The mantra OM is something you may well have heard, or even participated in, at the beginning and/or end of a yoga class. You may be thinking why do we do it and what the purpose is?
OM is a combination of three syllabus “A”, “U” and “M” and four parts. OM, sometimes written as, and usually pronounced, AUM, is the most sacred and primordial sound of the universe. The vibrations created by the sound waves have been shown to have therapeutic benefit (1). OM is the Pranava Mantra, meaning it is the source of all mantras (2). It is said to be the sound of the universe when all is connected. OM was the beginning, and OM is the natural state. OM represents the connection we have with ourselves, with our surroundings and with the cosmos/universe/God (2). It can also be viewed as a holy trinity.
This ancient mantra is practiced not only in the Hindu faith, but it is also practiced amongst Buddhist and some other faiths as well. In Hindu culture OM symbolises Shakti (divine energy) and has the characteristics of creation, preservation and liberation. Through chanting OM we are linked to the universe and all who inhabit her.
Chanting is a powerful tool that brings awareness to change and thereby has an effect on our health. It allows us to focus our minds, create awareness and regulate our breathing (3). Sounds produce vibrations and each sound produces its own unique vibration (3). Chanting has been found to be an effective means in creating a sense of connection (to ourselves, to others, to All) and wholeness (4).
How do I do it?
Sit comfortably, close your eyes or lower your gaze, take a few mindful breaths in and out. When you are ready inhale, and as you exhale make the sound AAAAA, followed by UUUUU, then close the mouth and finish with MMMMMM – making a nasal sound. Allow the final MMMMM to go as long as you can continue the exhale comfortably. When chanting OM, as is when practicing any chant, the sound forms when you exhale. Those are the first three parts of OM.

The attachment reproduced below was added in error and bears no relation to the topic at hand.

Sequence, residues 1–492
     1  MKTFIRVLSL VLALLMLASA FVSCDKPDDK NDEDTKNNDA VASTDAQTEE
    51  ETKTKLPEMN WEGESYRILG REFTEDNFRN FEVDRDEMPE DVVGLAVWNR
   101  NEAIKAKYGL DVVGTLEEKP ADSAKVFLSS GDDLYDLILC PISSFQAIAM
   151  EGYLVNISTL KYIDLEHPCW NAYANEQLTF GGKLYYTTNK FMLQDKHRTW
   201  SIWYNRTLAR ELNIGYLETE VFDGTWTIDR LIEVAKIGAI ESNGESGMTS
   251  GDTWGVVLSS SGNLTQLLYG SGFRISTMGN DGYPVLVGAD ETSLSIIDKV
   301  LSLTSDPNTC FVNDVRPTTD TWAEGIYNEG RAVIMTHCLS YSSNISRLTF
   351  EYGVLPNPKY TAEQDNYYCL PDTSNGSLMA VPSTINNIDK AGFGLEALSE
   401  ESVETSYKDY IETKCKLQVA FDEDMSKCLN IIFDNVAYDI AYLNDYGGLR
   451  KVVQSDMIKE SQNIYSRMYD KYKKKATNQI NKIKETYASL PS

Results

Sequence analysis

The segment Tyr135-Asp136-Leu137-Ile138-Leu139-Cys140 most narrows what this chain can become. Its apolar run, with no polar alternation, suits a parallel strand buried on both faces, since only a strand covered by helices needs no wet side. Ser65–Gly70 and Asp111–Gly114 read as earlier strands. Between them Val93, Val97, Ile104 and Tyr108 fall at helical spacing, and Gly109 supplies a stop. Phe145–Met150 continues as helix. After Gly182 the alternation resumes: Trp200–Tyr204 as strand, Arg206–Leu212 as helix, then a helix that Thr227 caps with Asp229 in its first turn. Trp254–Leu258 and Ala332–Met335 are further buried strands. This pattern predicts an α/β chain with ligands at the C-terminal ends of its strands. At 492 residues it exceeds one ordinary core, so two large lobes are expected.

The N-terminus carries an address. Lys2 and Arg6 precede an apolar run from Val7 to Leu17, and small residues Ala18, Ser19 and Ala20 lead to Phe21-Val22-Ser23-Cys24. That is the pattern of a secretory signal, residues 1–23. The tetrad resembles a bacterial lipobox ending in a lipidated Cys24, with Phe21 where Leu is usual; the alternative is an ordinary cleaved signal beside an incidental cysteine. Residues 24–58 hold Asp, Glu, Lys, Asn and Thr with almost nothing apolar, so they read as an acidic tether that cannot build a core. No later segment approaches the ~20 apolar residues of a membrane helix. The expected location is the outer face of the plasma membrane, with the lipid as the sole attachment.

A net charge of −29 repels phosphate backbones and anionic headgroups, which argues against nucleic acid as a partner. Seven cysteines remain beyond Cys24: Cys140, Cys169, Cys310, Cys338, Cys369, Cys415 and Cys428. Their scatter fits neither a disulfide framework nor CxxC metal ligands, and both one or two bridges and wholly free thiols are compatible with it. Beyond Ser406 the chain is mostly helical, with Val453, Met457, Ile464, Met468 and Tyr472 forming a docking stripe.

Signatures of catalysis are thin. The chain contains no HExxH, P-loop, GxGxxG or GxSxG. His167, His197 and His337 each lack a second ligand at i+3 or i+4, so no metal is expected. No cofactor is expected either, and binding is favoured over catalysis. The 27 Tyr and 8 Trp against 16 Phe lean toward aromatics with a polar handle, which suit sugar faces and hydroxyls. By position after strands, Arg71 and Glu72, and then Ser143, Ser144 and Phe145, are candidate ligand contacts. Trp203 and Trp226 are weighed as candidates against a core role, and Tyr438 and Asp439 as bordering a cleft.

The final, forth part, is to sit in stillness and silence once the sound finishes. Resume normal breathing and open your eyes when you are ready. You can place your hands together at your heart space, in a prayer position, rest one hand on top of the other, or keep your hands cupped in your lap. Really, you can take any mudra that feels right for you.
Initially you may feel uncomfortable or even self-conscious to OM out loud in class. If that is the case you can OM in your mind or whisper it quietly to yourself. Practice OM at home so that the sound and the way the sound makes you feel become familiar.
I encourage you to practice OM-ing 3 times a day. You can’t over-OM, nor can you do it the wrong way. Whilst in the privacy of your home simply experiment with it. OM creates a beautiful energy and sets a spiritual tone for your yoga practice, creating a collective vibration within the class. So, practice at home if you want to feel more confident, but I encourage you to give OM a try. Your teacher will always guide you through the OMs and you might just find that you really enjoy the experience.
- Dr Timothy McCall, (2007), Yoga as Medicine. The Yogic Prescription for Health and Healing
- Ambika Chadwick (2017) The Yoga Social YTT Course Manual
- G. Mohan, (1993), Yoga for Body, Breath, and Mind
- Mark Stephens, (2017), Yoga Therapy. Foundations, Methods, and Practices for Common Ailments.